This Peace Brief examines the timeline for constitutional reform in Libya’s August 2011 Constitutional Declaration with an eye towards ensuring Libyans have sufficient time to negotiate and draft a new constitution that will support Libya’s transformation towards constitutional democracy.
- The National Transitional Council (NTC) new Constitutional Declaration is a critical develop ment in Libya’s transition to democracy. But while most features of the document are very positive, the relatively short timeline for the transition may create significant challenges.
- The current road map provides 60 days for the drafting of the constitution, followed by approval by the National Public Conference (NPC) and then ratification by national referendum. Sixty days is an almost impossibly short time to research, examine, negotiate and draft the numerous constitutional issues that must be addressed in the permanent constitution.
- The compressed timeline effectively guarantees there will be no public consultation on the constitutional draft.
- Transforming the process from a negotiation driven by the Libyan elite to a national dialogue, with public participation, can provide a framework for negotiation and reconciliation among political forces and other groups to develop, strengthen and promote national identity.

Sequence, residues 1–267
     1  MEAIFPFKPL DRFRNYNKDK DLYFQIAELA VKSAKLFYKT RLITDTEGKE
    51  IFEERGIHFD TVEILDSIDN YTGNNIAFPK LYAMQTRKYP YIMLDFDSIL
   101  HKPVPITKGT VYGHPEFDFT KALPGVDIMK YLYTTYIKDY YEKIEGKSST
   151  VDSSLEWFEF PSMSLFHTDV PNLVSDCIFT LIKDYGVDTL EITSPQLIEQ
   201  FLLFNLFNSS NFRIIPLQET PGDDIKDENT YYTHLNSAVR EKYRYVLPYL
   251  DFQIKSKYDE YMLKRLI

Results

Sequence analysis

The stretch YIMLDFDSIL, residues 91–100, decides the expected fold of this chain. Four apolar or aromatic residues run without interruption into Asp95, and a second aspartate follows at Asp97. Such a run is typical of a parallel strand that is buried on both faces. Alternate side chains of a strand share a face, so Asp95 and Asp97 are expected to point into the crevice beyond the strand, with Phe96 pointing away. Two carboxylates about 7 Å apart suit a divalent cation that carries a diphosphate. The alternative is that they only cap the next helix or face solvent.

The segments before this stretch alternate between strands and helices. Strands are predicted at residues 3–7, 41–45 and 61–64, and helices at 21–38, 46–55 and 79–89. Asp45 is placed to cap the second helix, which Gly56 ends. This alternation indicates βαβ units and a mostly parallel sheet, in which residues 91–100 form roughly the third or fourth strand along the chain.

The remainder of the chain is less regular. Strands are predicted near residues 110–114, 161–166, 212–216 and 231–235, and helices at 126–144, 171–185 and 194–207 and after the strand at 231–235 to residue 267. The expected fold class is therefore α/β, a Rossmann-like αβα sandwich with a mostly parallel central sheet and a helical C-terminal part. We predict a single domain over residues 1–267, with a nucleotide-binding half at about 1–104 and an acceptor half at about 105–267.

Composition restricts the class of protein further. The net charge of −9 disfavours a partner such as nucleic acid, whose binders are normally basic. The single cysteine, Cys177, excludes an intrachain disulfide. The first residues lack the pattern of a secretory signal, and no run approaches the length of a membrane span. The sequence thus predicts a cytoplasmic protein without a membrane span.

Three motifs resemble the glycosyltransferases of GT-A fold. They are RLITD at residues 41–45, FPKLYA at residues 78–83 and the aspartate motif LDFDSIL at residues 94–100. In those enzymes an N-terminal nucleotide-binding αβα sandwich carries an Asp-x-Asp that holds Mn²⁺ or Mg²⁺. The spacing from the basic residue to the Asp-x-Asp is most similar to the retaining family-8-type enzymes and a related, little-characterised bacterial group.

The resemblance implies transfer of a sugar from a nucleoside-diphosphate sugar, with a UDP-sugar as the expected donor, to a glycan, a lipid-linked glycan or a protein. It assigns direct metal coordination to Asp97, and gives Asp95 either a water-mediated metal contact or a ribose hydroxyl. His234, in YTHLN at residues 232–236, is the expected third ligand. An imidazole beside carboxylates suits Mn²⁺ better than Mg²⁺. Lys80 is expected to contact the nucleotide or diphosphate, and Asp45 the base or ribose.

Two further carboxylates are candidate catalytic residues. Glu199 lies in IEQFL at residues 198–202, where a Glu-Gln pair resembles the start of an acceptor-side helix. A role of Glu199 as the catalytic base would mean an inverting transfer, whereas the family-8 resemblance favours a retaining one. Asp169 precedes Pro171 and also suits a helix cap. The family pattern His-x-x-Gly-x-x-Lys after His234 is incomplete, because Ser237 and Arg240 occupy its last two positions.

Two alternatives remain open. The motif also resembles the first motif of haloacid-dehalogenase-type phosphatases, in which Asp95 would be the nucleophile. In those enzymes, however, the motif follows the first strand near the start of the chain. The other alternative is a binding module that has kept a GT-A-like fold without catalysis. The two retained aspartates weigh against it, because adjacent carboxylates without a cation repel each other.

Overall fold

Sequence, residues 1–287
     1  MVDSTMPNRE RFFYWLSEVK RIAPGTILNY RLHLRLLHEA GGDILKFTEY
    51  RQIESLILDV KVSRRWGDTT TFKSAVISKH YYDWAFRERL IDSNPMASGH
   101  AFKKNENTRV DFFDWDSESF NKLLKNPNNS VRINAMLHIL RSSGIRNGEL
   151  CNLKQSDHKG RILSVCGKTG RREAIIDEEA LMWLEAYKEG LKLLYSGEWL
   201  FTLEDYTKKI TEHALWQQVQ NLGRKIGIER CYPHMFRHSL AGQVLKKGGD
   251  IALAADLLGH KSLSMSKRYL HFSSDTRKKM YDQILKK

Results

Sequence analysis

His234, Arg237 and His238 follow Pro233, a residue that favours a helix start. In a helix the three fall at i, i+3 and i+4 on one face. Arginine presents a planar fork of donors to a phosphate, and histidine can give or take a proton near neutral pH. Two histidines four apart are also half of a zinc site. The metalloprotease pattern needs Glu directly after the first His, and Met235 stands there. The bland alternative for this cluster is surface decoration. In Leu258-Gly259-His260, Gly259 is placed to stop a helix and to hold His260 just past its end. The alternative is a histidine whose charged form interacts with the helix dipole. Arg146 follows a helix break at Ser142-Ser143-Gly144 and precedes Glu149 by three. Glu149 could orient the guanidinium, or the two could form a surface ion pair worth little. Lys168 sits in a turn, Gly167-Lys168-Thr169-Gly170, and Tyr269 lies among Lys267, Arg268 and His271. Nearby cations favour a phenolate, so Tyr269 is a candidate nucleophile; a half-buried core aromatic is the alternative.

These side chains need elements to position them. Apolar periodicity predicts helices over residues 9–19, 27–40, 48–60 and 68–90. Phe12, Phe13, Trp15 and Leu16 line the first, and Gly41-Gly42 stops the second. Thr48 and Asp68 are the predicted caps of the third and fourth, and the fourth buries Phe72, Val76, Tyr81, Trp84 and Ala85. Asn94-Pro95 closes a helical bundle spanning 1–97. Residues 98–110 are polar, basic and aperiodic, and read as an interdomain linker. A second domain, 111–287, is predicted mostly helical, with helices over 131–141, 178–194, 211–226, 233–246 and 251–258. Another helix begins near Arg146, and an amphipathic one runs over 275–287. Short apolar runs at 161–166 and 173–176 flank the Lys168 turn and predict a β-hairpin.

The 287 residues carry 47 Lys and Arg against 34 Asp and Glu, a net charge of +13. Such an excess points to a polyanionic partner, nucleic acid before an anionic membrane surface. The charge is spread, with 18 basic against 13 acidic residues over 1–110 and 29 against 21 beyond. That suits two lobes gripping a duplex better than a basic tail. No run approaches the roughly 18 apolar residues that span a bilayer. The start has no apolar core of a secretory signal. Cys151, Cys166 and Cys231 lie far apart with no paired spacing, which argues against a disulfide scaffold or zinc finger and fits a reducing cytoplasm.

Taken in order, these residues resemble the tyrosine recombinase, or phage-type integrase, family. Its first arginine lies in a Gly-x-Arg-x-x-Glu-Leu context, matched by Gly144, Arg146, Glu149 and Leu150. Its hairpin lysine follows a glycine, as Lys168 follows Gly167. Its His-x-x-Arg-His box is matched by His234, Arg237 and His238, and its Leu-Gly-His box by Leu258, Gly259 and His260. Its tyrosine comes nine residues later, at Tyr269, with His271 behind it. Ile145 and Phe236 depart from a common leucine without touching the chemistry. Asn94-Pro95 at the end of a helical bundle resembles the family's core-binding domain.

- The rush to complete Libya’s transition to constitutional democracy is understandable. The NTC is attempting to assure Libyans it has no intention of dragging out the transitional period and holding on to power indefinitely, and it is protecting the legitimacy of the interim government—all laudable goals. Such considerations, however, should be balanced against the benefits of a longer and more participatory constitution-making process.
About This Brief
This Peace Brief examines the timeline for constitutional reform in Libya’s August 2011 Constitutional Declaration with an eye towards ensuring Libyans have sufficient time to negotiate and draft a new constitution that will support Libya’s transformation towards constitutional democracy. The views expressed in it do not necessarily reflect the views of the United States Institute of Peace, which does not advocate specific policy positions.